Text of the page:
Swiss court: farmers no longer need to pay parish for medieval crime
January 09, 2013
A Catholic parish in Switzerland has failed in its bid to compel a farmer to pay 70 francs for the maintenance of an “eternal flame” that has burned in reparation for a medieval murder.
In 1357, a murderer who sought to atone for his crime agreed to keep an eternal flame lit at St. Hilary’s Parish in Näfels. When he died, the obligation to pay for the flame’s maintenance was passed on to subsequent owners of the murderer’s land.
In 2012, a young farmer who owned the land refused to pay, leading the parish to file suit. A judge has sided with the farmer, ruling that the obligation was invalidated by 19th-century property law reforms.
All comments are moderated. To lighten our editing burden, only current donors are allowed to Sound Off. If you are a donor, log in to see the comment form; otherwise please support our work, and Sound Off!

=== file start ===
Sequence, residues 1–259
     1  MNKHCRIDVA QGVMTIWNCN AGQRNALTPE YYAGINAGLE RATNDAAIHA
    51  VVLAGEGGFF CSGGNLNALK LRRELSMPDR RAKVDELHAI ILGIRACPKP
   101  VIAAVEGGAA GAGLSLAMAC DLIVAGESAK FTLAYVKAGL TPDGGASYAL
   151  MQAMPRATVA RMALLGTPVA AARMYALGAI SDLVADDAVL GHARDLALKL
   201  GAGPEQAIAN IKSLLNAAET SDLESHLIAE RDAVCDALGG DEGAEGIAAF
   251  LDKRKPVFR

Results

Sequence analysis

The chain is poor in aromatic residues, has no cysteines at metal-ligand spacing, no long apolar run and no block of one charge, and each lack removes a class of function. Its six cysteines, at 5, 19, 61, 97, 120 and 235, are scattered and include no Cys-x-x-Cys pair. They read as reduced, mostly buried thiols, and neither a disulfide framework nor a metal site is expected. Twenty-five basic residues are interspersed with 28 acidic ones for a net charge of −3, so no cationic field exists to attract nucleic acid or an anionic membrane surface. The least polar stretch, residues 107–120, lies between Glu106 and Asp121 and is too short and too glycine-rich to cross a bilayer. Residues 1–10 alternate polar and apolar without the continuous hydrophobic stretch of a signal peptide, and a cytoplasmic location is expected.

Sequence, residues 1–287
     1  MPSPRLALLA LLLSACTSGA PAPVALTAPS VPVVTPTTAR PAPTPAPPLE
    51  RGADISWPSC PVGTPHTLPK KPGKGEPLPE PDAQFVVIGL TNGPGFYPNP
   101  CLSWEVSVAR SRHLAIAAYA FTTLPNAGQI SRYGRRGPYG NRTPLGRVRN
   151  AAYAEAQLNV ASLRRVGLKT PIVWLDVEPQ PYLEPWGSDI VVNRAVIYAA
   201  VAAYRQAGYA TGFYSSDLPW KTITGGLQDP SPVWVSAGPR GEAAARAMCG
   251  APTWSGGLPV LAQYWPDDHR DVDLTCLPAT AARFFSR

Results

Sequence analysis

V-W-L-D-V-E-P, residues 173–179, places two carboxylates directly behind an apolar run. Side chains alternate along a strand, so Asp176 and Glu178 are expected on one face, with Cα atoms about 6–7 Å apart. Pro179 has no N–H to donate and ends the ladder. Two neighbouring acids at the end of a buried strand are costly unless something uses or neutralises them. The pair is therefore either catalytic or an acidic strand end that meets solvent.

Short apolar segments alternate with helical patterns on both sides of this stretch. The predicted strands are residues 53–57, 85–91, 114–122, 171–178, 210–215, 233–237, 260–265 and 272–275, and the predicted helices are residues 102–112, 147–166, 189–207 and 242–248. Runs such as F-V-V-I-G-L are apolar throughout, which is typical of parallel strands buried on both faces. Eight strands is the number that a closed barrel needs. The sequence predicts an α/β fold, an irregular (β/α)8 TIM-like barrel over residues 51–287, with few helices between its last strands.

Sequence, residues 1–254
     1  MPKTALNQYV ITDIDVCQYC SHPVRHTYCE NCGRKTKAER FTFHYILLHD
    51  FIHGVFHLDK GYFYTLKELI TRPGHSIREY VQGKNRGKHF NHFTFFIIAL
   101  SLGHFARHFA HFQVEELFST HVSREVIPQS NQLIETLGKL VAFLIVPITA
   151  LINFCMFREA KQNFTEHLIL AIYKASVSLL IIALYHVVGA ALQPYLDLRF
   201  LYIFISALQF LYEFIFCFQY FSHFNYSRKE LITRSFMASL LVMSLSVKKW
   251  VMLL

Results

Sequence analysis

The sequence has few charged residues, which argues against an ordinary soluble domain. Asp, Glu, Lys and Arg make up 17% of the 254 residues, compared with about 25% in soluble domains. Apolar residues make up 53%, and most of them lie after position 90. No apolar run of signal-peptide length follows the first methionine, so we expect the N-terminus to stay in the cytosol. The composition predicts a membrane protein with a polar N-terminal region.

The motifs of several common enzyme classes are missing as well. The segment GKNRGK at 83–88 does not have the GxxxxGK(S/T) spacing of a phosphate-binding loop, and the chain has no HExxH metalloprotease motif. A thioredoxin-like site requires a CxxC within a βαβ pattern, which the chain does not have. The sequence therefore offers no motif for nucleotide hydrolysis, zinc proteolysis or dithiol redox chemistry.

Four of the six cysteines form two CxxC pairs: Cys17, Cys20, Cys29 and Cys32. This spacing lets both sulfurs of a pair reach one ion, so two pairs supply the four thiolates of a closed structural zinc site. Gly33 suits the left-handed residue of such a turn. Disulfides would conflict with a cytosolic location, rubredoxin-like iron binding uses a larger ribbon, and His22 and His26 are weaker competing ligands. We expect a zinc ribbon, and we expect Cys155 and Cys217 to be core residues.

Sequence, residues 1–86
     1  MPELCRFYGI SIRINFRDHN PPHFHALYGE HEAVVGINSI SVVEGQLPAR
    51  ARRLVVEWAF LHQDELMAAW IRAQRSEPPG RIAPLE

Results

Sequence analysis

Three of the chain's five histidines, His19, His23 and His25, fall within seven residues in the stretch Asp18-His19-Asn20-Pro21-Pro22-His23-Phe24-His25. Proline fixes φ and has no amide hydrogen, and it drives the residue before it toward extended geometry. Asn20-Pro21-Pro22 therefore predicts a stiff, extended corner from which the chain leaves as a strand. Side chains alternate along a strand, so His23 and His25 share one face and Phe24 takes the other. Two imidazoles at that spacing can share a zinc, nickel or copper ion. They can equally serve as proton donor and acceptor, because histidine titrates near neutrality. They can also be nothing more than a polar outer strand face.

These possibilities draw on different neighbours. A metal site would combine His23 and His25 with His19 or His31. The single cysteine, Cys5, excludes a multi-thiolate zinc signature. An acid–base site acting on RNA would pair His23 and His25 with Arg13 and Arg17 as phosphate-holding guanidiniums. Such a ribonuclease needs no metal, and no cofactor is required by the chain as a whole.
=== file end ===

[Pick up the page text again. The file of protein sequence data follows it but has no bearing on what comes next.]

Posted by: Savonarola -
Jan. 10, 2013 12:12 PM ET USA
A law can be passed which nullifies a private contract obligation that was apparently a recognized encumbrance on the property?
Posted by: wvcatholic -
Jan. 09, 2013 2:24 PM ET USA
It is interesting to ponder the eschatological consequences for both Konrad Mueller (the murder) and the current farm owner.
Posted by: garedawg -
Jan. 09, 2013 10:53 AM ET USA
What if they go back, find that the fee was not paid for say, 50 years during the 1400's, and it's been accruing interest this whole time?